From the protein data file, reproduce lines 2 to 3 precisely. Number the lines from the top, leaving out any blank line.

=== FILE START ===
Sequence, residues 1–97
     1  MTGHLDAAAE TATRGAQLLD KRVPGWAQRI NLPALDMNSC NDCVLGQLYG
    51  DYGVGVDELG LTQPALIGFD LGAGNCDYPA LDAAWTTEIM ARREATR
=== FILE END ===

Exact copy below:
     1  MTGHLDAAAE TATRGAQLLD KRVPGWAQRI NLPALDMNSC NDCVLGQLYG
    51  DYGVGVDELG LTQPALIGFD LGAGNCDYPA LDAAWTTEIM ARREATR